As Alan “Pray Away the Gay” Chambers ties his tongue in a knot …

As Alan “Pray Away the Gay” Chambers ties his tongue in a knot … June 20, 2012

Alan Chambers of Exodus International (the flagship “pray-away-the-gay” organization) has just published “Defining Exodus – Letter from Alan Chambers for June 2012,” wherein he attempts to make Exodus seem less retro-insane than most people now understand it to be. Alan’s letter is below. Inserted within it, in bracingly beautiful blue, are my comments on that letter. (The bold parts of Alan’s letter appear that way in the original: they’re his bolds, in other words, not mine.)

Dear Friends,

Exodus International is repeatedly accused of seeking to make gay people straight through conversion therapy and prayer. As the media and culture rage around us, drawing battle lines in the sand and seeking to fuel the debate about homosexuality. [So … that last sentence is incomplete. But its point is clear enough: people like myself, who oppose the toxic, life-destroying idea that God condemns same-sex relationships, don’t have a critical moral point we’re trying to make, or anything like that. We’re just “raging”: we’re doing nothing more than seeking, for our own gain, to “fuel the debate.” It’s the ol’ tactic of denigrating someone by ascribing to them a false motivation. Deft ploy, Alan! For a fourth-grader.]

You know, my team and I have been working diligently to clearly state the calling of this great ministry and focus solely on that work. We want to reiterate that our mission is, first and foremost, to serve, support and equip the Church in providing refuge to individuals or families impacted by same-sex attractions (SSA). [And with the word refuge, Chambers officially steps onto the tightrope on which it’s clear he’s now about to start tap-dancing.]

Quite simply, our goal is to make the Church famous for loving and serving people as Jesus would and pointing them to Him. [Tippity-tap, tappity-tip. But more to the point(s): is a big problem for the church that it’s not famous enough? What a weird thing to say. Much less weird—and certainly a good deal more problematic—is Chambers’s casual, almost sublimely arrogant assertion that Exodus’s attitude toward gay people is indistinguishable from Jesus’.]

I realize this may not be new info for some of you.  Yet, I believe it is important for everyone to hear this from me, as “all sides” are seeking to define Exodus and quite frankly, no one is doing a great job. [Didn’t Alan just say, “My team and I have been working diligently to clearly state the calling of this great ministry”? I guess by, “No one is doing a great job of defining Exodus,” he means himself and the people he works with. Bummer for him. But, gosh, I wonder if the main reason everyone continues to be unable to understand what exactly it is that Exodus does or believes could have anything to do with how fundamentally logically untenable it is to say, “We love gay people—but being gay is a moral abomination deserving God’s condemnation and wrath.”? Nah. It must be that everyone’s just stupid.]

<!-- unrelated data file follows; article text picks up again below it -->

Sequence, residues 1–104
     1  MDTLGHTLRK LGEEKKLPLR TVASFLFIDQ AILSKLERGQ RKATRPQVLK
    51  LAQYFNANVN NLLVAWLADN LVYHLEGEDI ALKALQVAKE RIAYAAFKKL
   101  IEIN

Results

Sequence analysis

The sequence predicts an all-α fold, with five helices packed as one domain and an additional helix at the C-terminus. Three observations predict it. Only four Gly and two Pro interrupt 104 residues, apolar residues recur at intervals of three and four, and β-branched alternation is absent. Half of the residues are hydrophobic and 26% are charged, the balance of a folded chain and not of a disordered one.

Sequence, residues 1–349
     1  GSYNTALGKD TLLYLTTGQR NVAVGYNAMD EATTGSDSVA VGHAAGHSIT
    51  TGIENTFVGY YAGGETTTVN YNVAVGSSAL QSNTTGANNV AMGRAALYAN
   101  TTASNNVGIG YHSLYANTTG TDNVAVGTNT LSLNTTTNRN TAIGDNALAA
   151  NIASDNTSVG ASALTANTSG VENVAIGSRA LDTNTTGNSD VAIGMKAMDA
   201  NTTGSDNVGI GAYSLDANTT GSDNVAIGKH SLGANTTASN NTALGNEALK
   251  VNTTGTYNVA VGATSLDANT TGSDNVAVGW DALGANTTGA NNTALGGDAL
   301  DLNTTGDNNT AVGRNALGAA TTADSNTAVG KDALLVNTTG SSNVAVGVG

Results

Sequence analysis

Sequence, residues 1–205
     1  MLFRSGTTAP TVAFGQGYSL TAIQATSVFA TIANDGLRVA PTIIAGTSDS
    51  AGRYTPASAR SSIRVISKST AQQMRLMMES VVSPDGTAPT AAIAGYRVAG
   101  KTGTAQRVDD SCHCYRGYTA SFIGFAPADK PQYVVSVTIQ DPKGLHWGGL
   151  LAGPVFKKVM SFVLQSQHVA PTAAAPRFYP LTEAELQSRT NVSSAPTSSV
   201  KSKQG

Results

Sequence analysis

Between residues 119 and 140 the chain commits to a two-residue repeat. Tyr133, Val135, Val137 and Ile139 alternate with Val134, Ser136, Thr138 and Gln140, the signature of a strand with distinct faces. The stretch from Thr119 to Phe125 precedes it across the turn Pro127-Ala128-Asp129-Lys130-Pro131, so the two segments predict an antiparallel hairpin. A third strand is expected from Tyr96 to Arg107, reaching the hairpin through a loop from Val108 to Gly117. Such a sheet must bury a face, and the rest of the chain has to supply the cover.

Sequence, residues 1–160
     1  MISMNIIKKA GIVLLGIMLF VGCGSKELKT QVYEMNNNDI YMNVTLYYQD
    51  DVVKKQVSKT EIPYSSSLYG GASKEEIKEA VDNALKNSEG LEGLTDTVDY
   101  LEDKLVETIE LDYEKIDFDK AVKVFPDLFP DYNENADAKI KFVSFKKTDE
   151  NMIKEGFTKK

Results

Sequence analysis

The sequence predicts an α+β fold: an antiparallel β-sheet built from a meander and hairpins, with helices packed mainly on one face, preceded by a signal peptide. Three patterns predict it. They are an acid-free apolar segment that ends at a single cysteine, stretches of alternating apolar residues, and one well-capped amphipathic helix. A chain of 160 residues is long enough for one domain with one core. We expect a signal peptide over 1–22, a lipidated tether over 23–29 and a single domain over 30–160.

It’s time we set the record straight.  Pun intended. [Well, you know what they say: spend enough of your life inside a closet, and you forget what’s funny.]

While my office seeks to serve the Church, the 260 churches, ministries and counselors here in North America and our alliance of partner ministries across the world are there to serve individuals who freely come to them for support.  People seeking this encouragement and guidance do so because they have decided to pursue an identity or life based on their relationship with Christ over their same-sex attractions. [Just so we’re clear: the second half of the bolded sentence asserts that being gay is incompatible with being in a relationship with Christ. The difference between the way Chambers here says that, and “God Hates Fags,” is the difference between a pig and a pig wearing a graduation cap.]

In most cases these are Christian men and women who desire to live in accordance to God’s design for sexuality, clearly defined in scripture. [Wow. There it is. Take note, anyone who might still believe that Exodus is anything but another version of the American Family Association, the National Organization for Marriage, or any other “Christian” organization whose determined and unholy end is a world in which no gay people exist.]

Exodus also has an extensive support system for family members or friends of those who are same-sex attracted and/or gay identified. [Can’t you just feel the love? No? Well, can’t you just hear the ka-ching? No? Well, can’t you just hear the hopes of hearing ka-ching? Yes.]

We believe that in Christ we have been given completely new hearts and the ability to have power over the sin that remains confined to our earthly flesh.  [I’m done. This strained exercise in P.R. is just too pathetic to warrant further comment. Exodus still believes what it always has, which is that it’s not only possible but highly desirous for gay people to, in one way or another, stop being gay. It’s just too medieval to take seriously. It’s time for Exodus to exit. They’re a joke (albeit one that isn’t in the least funny). Back when the right was getting some real traction out of the idea that one could pray away the gay, Exodus/Chambers had some power. Now that the idea that gay people can stop being gay has gone the way of the whalebone corset and dodo bird, Exodus is simply trying to keep itself alive. And, clearly, they’re doing so by stubbornly clinging to the cracked, bent, barely floating life-preserver on which one can still make out the faded slogan of its manufacturer, GOD HATES FAGS, INC.]

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